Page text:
The Wizard of Oz (1939)

Whisked by a tornado from Kansas to the colourful Land of Oz, Dorothy soon learns there’s no place like home in MGM’s immortal musical fantasy.

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“The Wizard of Oz is one of the Thirties’ most engaging films. Frank Baum’s simple vision seems to have achieved its perfect reincarnation in Fleming’s film.”
John Baxter, Hollywood in the Thirties, 1968

It’s difficult to believe this evergreen family film was a commercial failure on its release, only acceding to its now iconic status after perennial revivals on television. MGM’s lavish production, which switches from sepia for the Kansas farmland sequences to glorious Technicolor for Oz, magically brought to life the original novel by L. Frank Baum.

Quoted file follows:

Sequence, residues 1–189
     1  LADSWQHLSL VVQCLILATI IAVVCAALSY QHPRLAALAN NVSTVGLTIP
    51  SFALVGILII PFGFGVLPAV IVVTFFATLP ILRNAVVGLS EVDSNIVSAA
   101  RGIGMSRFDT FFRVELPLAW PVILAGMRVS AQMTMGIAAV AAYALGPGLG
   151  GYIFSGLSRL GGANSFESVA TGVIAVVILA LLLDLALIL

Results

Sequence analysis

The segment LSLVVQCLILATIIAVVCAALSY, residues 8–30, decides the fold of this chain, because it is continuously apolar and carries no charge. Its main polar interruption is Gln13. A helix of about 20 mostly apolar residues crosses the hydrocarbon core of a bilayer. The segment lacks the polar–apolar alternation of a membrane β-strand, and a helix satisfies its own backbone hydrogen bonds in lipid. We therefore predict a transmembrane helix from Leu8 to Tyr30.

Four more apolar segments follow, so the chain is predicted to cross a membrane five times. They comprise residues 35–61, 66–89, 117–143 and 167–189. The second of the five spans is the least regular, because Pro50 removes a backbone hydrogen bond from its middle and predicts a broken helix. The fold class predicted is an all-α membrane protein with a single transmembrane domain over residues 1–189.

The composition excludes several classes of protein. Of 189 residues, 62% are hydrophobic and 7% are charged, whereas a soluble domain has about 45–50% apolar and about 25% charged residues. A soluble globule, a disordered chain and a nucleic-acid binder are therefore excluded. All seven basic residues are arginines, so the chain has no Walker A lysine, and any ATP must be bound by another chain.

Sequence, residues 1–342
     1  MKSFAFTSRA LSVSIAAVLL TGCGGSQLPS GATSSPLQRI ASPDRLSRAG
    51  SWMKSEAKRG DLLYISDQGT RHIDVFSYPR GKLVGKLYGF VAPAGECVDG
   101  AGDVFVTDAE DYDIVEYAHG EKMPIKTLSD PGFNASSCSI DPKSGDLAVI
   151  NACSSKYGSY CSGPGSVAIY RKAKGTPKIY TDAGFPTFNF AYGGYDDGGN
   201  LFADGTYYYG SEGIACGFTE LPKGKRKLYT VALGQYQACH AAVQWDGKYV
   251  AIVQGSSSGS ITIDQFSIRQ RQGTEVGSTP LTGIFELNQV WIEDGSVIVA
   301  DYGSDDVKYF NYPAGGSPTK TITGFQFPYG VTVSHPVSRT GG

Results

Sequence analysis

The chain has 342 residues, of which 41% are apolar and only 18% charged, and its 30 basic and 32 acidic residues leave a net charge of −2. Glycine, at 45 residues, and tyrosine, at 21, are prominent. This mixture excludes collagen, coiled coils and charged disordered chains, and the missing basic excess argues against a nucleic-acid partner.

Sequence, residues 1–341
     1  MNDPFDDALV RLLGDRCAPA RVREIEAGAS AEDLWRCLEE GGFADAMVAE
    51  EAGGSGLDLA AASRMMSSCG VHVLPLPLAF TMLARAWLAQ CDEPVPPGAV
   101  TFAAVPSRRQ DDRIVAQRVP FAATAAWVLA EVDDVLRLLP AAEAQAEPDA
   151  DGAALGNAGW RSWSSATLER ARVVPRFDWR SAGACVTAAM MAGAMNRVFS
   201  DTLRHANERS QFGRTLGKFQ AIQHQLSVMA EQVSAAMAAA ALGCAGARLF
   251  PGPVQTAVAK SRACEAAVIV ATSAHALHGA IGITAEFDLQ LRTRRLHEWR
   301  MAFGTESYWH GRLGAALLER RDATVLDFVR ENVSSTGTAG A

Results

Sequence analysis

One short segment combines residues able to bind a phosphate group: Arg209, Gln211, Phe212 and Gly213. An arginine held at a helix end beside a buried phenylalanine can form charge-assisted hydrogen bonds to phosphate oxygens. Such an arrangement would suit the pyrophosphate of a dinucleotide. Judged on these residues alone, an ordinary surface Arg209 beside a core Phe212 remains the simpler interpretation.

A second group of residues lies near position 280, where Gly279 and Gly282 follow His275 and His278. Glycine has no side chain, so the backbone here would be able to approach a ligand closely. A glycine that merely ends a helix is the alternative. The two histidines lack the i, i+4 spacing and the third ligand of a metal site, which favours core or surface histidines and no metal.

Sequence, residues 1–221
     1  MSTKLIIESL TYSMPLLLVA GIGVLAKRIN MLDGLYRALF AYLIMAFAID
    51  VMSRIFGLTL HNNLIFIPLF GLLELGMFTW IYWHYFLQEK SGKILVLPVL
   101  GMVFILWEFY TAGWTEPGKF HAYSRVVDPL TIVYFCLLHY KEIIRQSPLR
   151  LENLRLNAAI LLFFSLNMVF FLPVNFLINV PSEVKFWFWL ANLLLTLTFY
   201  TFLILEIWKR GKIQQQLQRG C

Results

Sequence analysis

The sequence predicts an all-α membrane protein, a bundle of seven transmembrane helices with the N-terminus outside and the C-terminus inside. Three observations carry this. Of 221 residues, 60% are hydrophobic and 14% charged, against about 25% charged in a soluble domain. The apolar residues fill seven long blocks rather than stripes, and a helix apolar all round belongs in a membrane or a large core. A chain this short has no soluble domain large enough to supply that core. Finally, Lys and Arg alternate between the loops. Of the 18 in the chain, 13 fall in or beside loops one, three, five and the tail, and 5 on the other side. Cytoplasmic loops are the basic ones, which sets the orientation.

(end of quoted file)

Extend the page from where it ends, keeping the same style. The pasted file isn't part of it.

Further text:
From Dorothy’s (Judy Garland) wistful ballad ‘Over the Rainbow’ – where she dreams of life away from her dreary home – to the adventures along Oz’s Yellow Brick Road, in which Dorothy is joined by the Scarecrow, the Tin Man and the Cowardly Lion, every aspect of the film holds a special place in the public consciousness.

The same year, Victor Fleming was the credited director on the super-production Gone with the Wind.

Michael Powell and Emeric Pressburger’s A Matter of Life and Death (1946) reverses Oz’s colour strategy, employing monochrome for its fantasy sequences and Technicolor for the real world.

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